New York: The mother's microbiome - the collection of microscopic organisms that live inside us - can determine the risk of autism and other neurodevelopmental disorders in her children, suggests a study.
The study raises the possibility that preventing forms of autism could be as simple as an expectant mother modifying her diet or taking custom probiotics.
The findings showed that an unhealthy microbiome in the mother can make her unborn child susceptible to neurodevelopmental disorders.
But, blocking a particular inflammatory molecule interleukin-17a (IL-17a) produced by the immune system can help halt the development of such disorders in lab mice.
"We determined that the microbiome is a key contributor in determining susceptibility (to autism-like disorders), so it suggests that you could target either the maternal microbiome or this inflammatory molecule IL-17a," said lead researcher John Lukens, from the University of Virginia in the US.
"You could also use this (IL-17a) as a biomarker for early diagnosis," he added, in the paper published in the Journal of Immunology.
While blocking IL-17a might offer a way to prevent autism, Lukens said that the path carries much more risk.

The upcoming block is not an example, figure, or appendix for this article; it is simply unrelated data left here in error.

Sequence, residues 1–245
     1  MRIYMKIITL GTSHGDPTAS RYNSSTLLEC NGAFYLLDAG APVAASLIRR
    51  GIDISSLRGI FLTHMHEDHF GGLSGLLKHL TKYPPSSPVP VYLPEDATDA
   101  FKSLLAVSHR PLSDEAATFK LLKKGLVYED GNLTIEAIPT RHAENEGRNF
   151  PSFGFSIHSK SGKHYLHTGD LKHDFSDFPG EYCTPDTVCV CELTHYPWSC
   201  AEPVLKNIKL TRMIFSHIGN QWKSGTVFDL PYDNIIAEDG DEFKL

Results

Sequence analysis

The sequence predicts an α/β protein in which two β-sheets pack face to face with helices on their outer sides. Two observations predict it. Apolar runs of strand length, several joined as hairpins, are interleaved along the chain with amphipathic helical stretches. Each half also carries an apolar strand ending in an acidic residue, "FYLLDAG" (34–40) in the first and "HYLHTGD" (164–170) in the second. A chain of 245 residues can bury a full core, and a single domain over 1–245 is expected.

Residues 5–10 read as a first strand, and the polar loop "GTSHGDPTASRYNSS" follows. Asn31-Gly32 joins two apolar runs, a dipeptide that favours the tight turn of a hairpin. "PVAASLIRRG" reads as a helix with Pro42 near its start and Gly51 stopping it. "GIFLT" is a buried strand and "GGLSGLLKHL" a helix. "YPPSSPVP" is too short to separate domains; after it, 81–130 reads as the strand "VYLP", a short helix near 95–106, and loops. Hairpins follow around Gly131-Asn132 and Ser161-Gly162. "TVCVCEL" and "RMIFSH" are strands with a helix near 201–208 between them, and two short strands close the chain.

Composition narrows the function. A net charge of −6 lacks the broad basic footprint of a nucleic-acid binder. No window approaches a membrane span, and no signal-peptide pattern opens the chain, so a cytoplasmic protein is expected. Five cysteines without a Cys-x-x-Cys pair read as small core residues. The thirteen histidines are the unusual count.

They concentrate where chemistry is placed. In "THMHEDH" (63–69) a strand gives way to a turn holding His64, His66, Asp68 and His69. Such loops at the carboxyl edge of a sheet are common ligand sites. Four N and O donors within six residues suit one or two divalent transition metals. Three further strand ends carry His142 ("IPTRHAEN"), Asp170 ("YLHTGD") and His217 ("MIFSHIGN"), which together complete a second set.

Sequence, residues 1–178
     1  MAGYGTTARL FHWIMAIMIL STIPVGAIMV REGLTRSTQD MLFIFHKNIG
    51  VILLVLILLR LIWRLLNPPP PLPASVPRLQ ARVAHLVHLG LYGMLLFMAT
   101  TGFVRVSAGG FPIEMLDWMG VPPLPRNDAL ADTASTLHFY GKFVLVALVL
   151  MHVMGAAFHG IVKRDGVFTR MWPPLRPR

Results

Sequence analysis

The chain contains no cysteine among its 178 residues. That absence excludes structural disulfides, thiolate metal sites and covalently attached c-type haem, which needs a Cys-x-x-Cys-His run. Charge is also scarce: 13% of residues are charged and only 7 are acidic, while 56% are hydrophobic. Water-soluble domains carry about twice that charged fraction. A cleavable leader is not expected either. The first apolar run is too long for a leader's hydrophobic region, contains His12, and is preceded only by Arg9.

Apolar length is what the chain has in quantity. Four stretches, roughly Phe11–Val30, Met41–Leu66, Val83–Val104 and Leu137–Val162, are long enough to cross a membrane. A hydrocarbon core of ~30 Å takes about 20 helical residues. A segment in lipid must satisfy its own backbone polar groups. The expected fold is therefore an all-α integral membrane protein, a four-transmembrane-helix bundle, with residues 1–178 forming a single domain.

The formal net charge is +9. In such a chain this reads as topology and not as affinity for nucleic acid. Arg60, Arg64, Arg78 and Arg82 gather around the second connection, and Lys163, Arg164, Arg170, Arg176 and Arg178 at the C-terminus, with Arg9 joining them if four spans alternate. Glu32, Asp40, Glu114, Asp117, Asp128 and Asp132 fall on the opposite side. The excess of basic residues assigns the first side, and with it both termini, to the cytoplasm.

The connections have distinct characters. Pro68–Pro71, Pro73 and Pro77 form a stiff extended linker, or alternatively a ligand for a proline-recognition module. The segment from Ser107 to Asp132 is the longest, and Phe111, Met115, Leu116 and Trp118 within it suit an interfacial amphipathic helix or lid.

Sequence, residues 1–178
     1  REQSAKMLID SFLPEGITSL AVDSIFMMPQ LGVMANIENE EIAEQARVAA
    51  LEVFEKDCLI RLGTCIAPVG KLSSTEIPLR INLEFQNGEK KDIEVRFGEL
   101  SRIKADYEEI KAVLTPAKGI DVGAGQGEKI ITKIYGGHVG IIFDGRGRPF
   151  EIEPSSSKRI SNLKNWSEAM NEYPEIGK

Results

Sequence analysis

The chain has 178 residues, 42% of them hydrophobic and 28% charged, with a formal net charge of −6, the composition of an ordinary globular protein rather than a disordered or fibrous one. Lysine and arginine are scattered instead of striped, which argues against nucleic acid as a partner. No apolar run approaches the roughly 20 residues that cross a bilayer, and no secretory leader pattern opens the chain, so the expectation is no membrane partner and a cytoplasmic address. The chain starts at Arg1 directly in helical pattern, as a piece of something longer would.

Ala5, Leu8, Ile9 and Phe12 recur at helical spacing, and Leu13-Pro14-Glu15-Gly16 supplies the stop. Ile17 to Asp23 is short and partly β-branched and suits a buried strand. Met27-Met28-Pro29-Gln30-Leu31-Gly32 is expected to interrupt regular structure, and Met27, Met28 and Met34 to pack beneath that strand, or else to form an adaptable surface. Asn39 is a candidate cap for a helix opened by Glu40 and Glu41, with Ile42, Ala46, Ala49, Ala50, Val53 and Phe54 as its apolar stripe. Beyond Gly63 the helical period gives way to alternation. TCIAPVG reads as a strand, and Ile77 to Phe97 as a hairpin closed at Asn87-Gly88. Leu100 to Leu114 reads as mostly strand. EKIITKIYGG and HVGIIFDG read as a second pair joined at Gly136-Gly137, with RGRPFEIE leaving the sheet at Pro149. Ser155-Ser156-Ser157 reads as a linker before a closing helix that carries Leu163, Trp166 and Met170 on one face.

It is because blocking the molecule "could make you susceptible to all kinds of infections". And doing so during pregnancy could have complex ripple effects on a child's development that scientists would need to sort out, he said.
However, the microbiome can be modified easily, either through diet, probiotic supplements or faecal transplant. All of these approaches seek to restore a healthy equilibrium among the different microorganisms that live in the gut, the researchers noted.
"In terms of translating our work to humans, I think the next big step would be to identify features of the microbiome in pregnant mothers that correlate with autism risk," Lukens said.
"I think the really important thing is to figure out what kind of things can be used to modulate the microbiome in the mother as effectively and safely as we can."